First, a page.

Film Courage:  We understand you’re a huge Joss Whedon fan.  Which of his characters would you love to play and why?

Samantha:  GAAAHAHHH!  So many to choose from! I get compared to Kaylee from Firefly a lot and working in that cast would be AMAZING! But I think for me, Echo from Dollhouse has got to win it, getting to play different people every week while also showing some consistency in Echo’s character would be really challenging, and I think that’s something that could be really fun as an actor.

Film Courage:  In your opinion, what separates Joss Whedon’s storytelling from other creators?

Samantha:  How he creates relationships,  without a doubt. He’s able to do ensembles better than anyone else I’ve seen. The reality and the sincerity with his work are amazing; there are one liners and banter even when the world is crumbling around them. I also love how he writes women, and I think that he understands people, so his female characters are believable both strong and fragile at times. He is writing complex women who are tough but more than just bad-ass, they’re tough because they have to be not because they chose to be. That’s something we can ALL relate to, his characters just feel so real.

Film Courage:  You say you are constantly looking for new challenges. How can you tell when you are becoming bored or stagnant with an endeavor and need something new?

Samantha:  When it becomes routine, or when I have to force myself to do it. If I can do it without trying or walk away and feel no sense of achievement, it’s become too easy and I know I need to up my game or try something new.

Film Courage:  How often do you audition?

Samantha:  It depends, on what I’m already working on and what time I have. The challenge with auditioning for me is physically getting to auditions and the roles being there to start with. I try and apply for get one audition a week at least, definitely more when I’m not already involved with projects.

Film Courage:  How active are you in looking for acting work and how much do you rely on an agent or manager?

Samantha:  I am represented by Patrick Management but I’m also very active myself. I’m checking spotlight and CastingCallPro daily; I think in acting there’s so many people who have talent, and so many people going for work. You’ve got to be realistic, it’s not always about the best talent but also about who looks right or who’s going to really commit. I can’t afford to sit on my butt and wait for roles to come to me, I’ve got to be active in getting them otherwise someone else will do just that.

Film Courage:  What actress or actor’s performance changed your life?

Samantha:  Oh so many to choose from! I think the one that always comes to mind though is Anne Hathaway in The Princess Diaries, I really saw something familiar in her, she was clumsy and geeky and she was so captivating she has that X-factor people always go on about. Something about that made me believe I could make it happen too. I’d have to work hard, but I could chase this dream! Since then she’s shown she a really great actor but honestly I think as an actor you’re always trying to pinch things, understand what the actor you’re watching is doing and why. They all influence how you work and what you bring to your next role. We’re all just pinching ideas and techniques from each other all the time.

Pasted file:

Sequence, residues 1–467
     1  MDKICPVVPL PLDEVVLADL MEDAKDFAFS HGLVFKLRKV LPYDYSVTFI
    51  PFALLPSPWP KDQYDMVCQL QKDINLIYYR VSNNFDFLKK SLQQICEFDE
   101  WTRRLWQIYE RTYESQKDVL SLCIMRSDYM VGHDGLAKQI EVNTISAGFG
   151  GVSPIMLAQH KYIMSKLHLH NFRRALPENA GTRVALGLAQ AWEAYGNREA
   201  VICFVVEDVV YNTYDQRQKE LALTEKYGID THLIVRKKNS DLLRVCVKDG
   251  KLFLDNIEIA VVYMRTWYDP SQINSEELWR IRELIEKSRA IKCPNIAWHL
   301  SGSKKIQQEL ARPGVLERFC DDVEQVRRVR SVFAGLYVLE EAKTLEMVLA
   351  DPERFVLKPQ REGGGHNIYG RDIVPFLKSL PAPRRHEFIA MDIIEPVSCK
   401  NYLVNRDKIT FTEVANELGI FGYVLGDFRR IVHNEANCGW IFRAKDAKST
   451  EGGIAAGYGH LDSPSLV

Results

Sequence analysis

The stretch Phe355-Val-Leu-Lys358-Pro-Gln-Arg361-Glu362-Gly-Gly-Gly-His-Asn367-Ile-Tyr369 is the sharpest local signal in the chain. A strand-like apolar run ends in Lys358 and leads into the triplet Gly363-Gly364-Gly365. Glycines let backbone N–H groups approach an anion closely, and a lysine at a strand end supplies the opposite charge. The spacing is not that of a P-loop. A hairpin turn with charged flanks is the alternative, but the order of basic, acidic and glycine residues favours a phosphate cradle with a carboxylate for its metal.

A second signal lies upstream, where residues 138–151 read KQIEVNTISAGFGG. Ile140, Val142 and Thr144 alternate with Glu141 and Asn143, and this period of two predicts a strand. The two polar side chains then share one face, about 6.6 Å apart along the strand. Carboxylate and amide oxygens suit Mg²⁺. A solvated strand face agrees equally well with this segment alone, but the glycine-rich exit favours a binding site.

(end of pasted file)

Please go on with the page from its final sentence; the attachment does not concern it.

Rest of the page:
JOHN TOMKINS – Photo Credit: Christopher Williams
Film Courage:  How did you initially meet ROWENA GHOUL writer/director John Tomkins?

Samantha:  I had a friend, Ben Gilbert, working on one of his previous films The Runner, and he mentioned they needed extras; I didn’t have any classes that day so I popped along to fill some screen space, and spent the day running over logs, through woods and meeting new people. It was good fun and well organized, and John was great at letting us know exactly what he wanted. I’m looking forward to working with him again.

Film Courage:  How did writer/director John Tomkins pitch the idea for a role in ROWENA GHOUL?

Samantha:  John pitched Rowena Ghoul as an action adventure with ghosts and a female protagonist, I was sold. He then sweetened the deal by saying he was influenced by Beetlejuice which just sang to the 16 year old in me who thought Tim Burton was a god! As a fan of all things sci-fi/fantasy the chance to be involved with something that challenged me as an actor and let me experience new techniques and effects on a film set was priceless! I’m a big fan of Buffy and Supernatural and those cheesy fantasy movies of the 1990s and early 2000s so naturally I was intrigued.

Film Courage:  Who is your character in writer/director John Tomkins upcoming fantasy/action/adventure film ROWENA GHOUL?

Samantha:  I am playing Rowena Ghoul, she’s got the ability to see lost souls and makes it her job to reunite them with their loved ones and help them pass on. She’s pretty much always been able to see ghosts and she runs a YouTube vlog where she shares that part of her life. I can’t give too much away but there are some interesting friendships for her and some interesting rival relationships that I’m excited to play with, as well as some compelling villains. It’s looking to be an exciting project and there’s some serious talent that I get to act with. Like Aaron Turner, who will play Ambrose, a headless ghost and kind of Rowena’s closest friend.